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Ex-OC sheriff Carona receives $200K/yr pension

July 9, 2010 12:00:00 AM PDT
Former Orange County Sheriff Michael Carona is receiving a pension of more than $200,000 per year. He is just one of hundreds of former Orange County employees who are collecting six-figure pensions.Former Orange County Sheriff Michael Carona, a felon convicted of witness tampering, is free on bail pending his appeal. He received more than $200,000 in pension checks last year, according to county records.

"I roll my eyes," said Orange County resident Debi Win'e. "I think it's a little over the top when there's so many people that are just struggling to keep their house payments, keep up on their bills."

Carona is among more than 500 former Orange County employees who took in six-figure pensions in 2009. That percentage is nearly three times that in the statewide public employees retirement system.

Healthy pension plans encourage employees to retire earlier with a larger chunk of their salaries, pushing the county's retirement system's long-term debt to nearly $4 billion. The pension list was released after the California Foundation for Fiscal Responsibility filed a lawsuit.

"We talk about how egregious these pension benefits are, until you really see it and you put numbers to faces and you start saying, 'Wait a second, what is really going on, how do we pay for this?'" said Orange County Supervisor John Moorlach.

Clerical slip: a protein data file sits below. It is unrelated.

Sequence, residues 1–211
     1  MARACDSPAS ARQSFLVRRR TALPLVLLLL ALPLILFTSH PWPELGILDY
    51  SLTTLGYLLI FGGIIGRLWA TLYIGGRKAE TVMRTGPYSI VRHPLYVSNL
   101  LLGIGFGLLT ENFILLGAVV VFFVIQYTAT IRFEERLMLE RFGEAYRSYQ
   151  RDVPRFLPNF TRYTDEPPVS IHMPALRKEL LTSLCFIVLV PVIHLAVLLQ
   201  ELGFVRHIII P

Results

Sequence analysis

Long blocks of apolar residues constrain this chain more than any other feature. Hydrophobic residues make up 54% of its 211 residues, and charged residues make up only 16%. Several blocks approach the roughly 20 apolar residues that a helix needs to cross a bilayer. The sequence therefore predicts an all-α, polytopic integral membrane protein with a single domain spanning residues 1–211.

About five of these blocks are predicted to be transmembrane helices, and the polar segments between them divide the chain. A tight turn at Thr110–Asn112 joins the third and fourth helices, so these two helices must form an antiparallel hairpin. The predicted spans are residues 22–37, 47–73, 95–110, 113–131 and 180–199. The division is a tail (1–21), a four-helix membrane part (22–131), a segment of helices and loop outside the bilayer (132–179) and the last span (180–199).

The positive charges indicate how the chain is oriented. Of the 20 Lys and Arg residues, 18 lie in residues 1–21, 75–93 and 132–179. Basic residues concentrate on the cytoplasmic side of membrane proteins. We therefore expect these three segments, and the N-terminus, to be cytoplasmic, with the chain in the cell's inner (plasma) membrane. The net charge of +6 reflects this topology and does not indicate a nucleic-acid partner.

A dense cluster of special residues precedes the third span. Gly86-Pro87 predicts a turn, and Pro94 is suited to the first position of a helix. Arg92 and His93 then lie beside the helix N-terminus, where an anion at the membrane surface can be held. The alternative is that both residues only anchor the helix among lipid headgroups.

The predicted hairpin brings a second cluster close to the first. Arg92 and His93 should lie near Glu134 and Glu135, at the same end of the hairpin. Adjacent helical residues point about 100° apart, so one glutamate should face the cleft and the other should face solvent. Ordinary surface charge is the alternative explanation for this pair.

Another pensioner listed is former county treasurer Robert Citron, who led Orange County into bankruptcy in 1994. He grossed more than $12,000 per month last year, totaling more than $140,000 per year.

"Pretty bitter pill to swallow when somebody like me is on fixed income and they expect me to be supporting them," said Long Beach resident John Deats.

The average county retiree receives less than $40,000 a year. The release of the pension numbers are raising the issue of the pension plan for public safety workers, among the most lucrative retirement plans approved when Carona was sheriff.

"In 2001, as a county, we approved a retroactive, from 2 percent at 50 to 3 percent at 50," said Moorlach. "And that, in a sense, increased their retirement by 50 percent overnight."

Moorlach, who was not on the board when the benefit was approved, is fighting to get it repealed.

A lawsuit that pushed to have the benefit put before voters was rejected in L.A. County Superior Court last year. It's now under appeal.

Governor Arnold Schwarzenegger released a statement Friday: "As the Governor continues to win pension reforms for the people of California he encourages local jurisdictions to do the same," wrote Aaron McLear, the governor's press secretary.


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